The primary reason I refuse to buy bottled water is because I can get it for free. Sure there are costs associated with all drinking water, whether it be digging a well or city water fees. By purchasing it bottled however, we are encouraging a system that believes water is a commodity which should be sold to us at a profit.
In fact, former CEO of Nestle Peter Brabeck said that water is not a human right and should be privatized, in an interview for the documentary We Feed the World. Though after backlash, he dedicated a page on the Nestle site declaring water a human right, with links and videos of him saying just that.
Buying a bottle of water when parched may seem like an innocent act, but doing so fosters the idea that this is how drinking water should be obtained.
Some may purchase bottled water out of fear that there might be something wrong with tap water. The truth however is that tap water is more regulated and tested than bottled water.
The Safe Drinking Water Act of 1974 requires that all public drinking water sources be safe for drinking. The Environment Protection Agency regulates all drinking water, testing it for compliance to certain standards. Public water systems must also provide reports, noting its source, evidence of contaminants and compliance with regulations.
The Food and Drug Administration monitors bottled water and does not require lab testing or violation reporting. The FDA also does not require bottled water to be labeled with where the water came from, whether it was tested or how it was treated.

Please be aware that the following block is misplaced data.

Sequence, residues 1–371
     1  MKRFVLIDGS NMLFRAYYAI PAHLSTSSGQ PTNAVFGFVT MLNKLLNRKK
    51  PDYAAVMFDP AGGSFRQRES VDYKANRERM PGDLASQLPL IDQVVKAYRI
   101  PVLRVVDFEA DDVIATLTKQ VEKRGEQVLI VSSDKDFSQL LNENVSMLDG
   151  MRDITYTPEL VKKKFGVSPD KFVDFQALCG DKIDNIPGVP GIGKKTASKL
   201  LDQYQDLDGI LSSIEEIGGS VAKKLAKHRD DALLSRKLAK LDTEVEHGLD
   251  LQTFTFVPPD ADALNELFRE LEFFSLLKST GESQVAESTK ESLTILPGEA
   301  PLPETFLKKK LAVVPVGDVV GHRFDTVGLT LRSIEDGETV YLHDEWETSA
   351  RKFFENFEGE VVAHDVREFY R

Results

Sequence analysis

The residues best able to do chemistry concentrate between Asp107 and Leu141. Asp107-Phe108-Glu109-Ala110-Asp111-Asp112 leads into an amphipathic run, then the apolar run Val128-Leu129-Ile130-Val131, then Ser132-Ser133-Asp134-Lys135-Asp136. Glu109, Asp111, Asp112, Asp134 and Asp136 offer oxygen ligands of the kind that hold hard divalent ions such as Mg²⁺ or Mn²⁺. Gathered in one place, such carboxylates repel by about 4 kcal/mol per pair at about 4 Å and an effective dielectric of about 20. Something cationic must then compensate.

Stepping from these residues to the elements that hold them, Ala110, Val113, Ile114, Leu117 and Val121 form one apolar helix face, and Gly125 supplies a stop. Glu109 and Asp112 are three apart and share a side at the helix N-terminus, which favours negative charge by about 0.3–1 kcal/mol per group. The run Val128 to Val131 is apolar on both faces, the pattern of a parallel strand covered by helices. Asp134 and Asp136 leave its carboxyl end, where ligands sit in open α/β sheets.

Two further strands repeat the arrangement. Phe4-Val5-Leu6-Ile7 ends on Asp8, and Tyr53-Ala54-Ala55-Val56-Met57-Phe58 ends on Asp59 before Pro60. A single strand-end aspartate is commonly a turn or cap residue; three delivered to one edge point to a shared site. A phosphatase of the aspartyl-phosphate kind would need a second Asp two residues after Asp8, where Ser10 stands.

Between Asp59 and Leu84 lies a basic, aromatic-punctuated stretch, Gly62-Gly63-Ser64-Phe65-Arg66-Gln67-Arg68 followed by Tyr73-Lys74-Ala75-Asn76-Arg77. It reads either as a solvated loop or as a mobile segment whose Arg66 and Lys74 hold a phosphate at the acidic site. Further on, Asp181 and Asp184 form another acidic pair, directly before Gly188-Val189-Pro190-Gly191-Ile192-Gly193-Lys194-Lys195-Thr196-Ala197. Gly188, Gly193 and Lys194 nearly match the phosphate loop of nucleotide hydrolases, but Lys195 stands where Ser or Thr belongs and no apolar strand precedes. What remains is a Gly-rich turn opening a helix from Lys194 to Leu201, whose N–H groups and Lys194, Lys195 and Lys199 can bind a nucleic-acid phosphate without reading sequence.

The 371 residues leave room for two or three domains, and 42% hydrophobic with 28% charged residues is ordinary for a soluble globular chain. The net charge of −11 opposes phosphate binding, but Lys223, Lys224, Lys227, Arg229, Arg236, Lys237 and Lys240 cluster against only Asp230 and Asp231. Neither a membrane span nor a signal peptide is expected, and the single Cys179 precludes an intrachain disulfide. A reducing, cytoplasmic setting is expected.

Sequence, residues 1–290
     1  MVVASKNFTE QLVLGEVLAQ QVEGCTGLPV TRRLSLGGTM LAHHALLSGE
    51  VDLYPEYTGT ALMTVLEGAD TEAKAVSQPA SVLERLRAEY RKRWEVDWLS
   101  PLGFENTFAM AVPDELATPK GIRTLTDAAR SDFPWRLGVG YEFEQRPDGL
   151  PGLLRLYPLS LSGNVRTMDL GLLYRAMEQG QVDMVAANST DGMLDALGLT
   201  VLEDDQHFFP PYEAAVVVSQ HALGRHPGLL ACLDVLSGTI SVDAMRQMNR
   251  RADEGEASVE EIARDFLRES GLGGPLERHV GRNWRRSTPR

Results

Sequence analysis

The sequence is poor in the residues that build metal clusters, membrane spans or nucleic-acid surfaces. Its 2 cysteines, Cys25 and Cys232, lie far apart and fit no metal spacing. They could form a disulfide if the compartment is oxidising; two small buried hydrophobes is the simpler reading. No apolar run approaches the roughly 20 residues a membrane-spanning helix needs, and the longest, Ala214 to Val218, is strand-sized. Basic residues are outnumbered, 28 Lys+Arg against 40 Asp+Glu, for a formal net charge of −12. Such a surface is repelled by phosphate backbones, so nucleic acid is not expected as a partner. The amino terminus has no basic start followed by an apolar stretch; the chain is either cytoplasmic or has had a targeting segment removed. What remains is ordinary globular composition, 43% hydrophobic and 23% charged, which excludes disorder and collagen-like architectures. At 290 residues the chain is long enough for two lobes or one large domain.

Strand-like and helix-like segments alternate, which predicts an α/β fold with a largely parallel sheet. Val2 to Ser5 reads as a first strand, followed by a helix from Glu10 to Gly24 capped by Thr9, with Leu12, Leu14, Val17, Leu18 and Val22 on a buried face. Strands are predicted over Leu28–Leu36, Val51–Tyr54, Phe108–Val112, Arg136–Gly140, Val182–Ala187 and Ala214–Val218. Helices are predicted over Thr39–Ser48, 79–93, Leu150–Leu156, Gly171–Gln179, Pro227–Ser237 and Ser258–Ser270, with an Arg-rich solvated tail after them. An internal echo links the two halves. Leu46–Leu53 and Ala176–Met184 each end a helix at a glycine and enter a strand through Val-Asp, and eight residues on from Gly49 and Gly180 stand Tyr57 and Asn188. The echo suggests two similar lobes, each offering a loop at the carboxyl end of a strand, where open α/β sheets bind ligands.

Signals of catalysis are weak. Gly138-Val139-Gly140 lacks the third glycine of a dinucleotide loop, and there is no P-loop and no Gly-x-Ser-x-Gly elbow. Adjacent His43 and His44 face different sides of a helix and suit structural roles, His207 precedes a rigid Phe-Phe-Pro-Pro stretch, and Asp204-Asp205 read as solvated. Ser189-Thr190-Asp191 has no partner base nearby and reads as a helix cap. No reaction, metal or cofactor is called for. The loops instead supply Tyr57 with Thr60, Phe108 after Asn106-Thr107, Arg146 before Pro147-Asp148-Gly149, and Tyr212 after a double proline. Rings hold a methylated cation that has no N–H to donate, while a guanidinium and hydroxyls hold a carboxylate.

If common sense is not convincing enough, consider the environmental impact. The production, labeling, and shipping of one water bottle requires the equivalent of one quarter of that bottle in oil, according to Peter Gleick, of the Pacific Institute in Oakland, California and winner of a MacArthur Fellowship for his work on water resources.
This is the same precious oil we are in danger of running out of and that takes millions of years to make, we are using to bottle water.
But wait! There’s always recycling, right? The cleaner of consciences across the globe? The International Association for Bottled Water estimates that less than 39 percent of every single serve water bottles get recycled.
Now I realize there are ways to rationalize your use of bottled water. You buy one in the morning and refill it throughout the day. It’s a healthier alternative to soda. You run around all day and don’t carry a bag. But I urge you, do not be a passive citizen.
I promise it’s really simple. I like to leave my house with coffee in a mason jar then refill it with water throughout the day. Not only do I get random smirks but sometimes people even tell me it’s cute.
Carrying a water bottle will encourage you to drink more water, which experts say we don’t drink nearly enough of, anyway. Once it becomes habit, you won’t think twice, pinky promise. Just do it.